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In 1909, Frederick C. Prichard and his wife Alice moved to Huntington, where they established themselves as prominent figures in the community by developing sections of its downtown. The couple decided to build an impressive Italian Renaissance-style house in 1921, which became the only granite house in the surrounding residential area. During the Great Depression, the Prichards lost their fortune and were forced to move to Texas to support themselves financially. Since then, the Prichard House has passed through several different owners, who each updated the house while preserving much of its original appearance. Today the house is listed on the National Register of Historic Places and remains in use as a private residence.


  • The Prichard House- every block of granite was individually cut to correspond with the over all pattern.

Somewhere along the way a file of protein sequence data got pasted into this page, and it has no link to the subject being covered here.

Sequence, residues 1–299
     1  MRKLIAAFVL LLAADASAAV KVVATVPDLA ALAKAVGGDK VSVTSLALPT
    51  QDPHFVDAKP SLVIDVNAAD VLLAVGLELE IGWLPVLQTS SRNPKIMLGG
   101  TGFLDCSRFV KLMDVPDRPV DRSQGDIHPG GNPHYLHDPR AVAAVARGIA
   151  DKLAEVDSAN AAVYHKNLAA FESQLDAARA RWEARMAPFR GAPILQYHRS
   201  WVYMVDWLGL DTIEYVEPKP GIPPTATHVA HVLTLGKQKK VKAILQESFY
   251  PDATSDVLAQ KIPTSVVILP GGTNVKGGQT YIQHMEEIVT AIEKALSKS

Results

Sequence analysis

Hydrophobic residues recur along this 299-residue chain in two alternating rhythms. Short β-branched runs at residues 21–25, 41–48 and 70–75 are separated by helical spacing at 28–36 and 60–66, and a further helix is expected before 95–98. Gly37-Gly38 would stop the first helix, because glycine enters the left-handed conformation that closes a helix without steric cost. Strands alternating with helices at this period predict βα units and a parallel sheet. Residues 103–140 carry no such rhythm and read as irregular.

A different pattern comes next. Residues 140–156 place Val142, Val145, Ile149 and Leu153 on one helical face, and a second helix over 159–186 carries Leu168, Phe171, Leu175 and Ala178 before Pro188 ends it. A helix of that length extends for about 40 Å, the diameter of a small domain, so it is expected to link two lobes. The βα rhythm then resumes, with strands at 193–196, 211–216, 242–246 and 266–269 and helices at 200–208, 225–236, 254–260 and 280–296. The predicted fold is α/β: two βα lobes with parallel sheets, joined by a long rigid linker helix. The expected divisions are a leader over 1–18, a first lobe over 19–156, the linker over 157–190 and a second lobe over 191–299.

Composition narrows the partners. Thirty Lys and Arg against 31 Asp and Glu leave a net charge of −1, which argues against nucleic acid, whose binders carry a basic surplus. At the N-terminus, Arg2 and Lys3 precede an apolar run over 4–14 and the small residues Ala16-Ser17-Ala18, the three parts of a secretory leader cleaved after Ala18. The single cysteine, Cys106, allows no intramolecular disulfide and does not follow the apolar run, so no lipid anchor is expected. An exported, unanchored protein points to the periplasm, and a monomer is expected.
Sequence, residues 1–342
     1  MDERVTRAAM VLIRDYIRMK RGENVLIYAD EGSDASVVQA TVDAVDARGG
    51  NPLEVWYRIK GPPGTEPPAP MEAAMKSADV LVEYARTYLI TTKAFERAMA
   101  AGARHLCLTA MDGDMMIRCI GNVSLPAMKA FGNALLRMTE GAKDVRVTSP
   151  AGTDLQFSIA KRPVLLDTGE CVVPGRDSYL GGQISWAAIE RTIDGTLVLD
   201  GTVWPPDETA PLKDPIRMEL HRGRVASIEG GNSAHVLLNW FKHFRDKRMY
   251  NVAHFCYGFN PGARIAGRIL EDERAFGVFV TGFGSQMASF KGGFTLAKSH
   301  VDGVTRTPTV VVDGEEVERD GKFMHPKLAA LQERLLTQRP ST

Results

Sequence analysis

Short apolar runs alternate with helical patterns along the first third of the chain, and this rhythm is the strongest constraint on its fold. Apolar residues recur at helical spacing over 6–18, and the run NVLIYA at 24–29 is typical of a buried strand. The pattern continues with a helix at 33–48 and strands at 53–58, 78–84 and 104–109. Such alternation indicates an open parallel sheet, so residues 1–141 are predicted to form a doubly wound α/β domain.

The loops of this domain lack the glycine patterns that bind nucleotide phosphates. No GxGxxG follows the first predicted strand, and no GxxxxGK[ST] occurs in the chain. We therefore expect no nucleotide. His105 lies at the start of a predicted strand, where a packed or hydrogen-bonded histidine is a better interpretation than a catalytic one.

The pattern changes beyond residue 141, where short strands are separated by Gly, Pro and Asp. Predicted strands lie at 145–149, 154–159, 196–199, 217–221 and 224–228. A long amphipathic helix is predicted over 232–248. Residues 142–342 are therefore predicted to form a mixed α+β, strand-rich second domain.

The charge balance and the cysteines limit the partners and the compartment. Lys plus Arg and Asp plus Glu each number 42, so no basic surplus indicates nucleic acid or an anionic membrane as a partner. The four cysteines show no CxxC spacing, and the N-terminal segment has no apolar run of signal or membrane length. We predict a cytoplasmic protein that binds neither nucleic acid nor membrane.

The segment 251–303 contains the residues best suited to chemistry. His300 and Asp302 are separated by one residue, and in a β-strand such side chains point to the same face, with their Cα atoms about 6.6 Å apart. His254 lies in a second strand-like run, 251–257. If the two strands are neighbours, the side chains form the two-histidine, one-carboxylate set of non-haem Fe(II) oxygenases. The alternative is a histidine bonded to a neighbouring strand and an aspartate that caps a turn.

• The Prichard House
  • The Prichard House, pictured in 2000
  • The Hotel Prichard
  • The Prichard School in Ona, WV

Frederick C. Prichard was born in Grayson, Kentucky in 1871. He was the son of Lewis Prichard, Jr., a doctor who became a real estate and coal industry mogul when he moved his family to Charleston, West Virginia in 1884. Frederick Prichard earned a degree in civil engineering from Notre Dame University and became a coal operator, which eventually led him to make a small fortune in the coal fields of Fayette County. He married Alice Clare Wilson on October 24, 1894. In 1909, Prichard and his wife moved to Huntington, where they would build two prominent downtown buildings and one of the city’s most unique homes.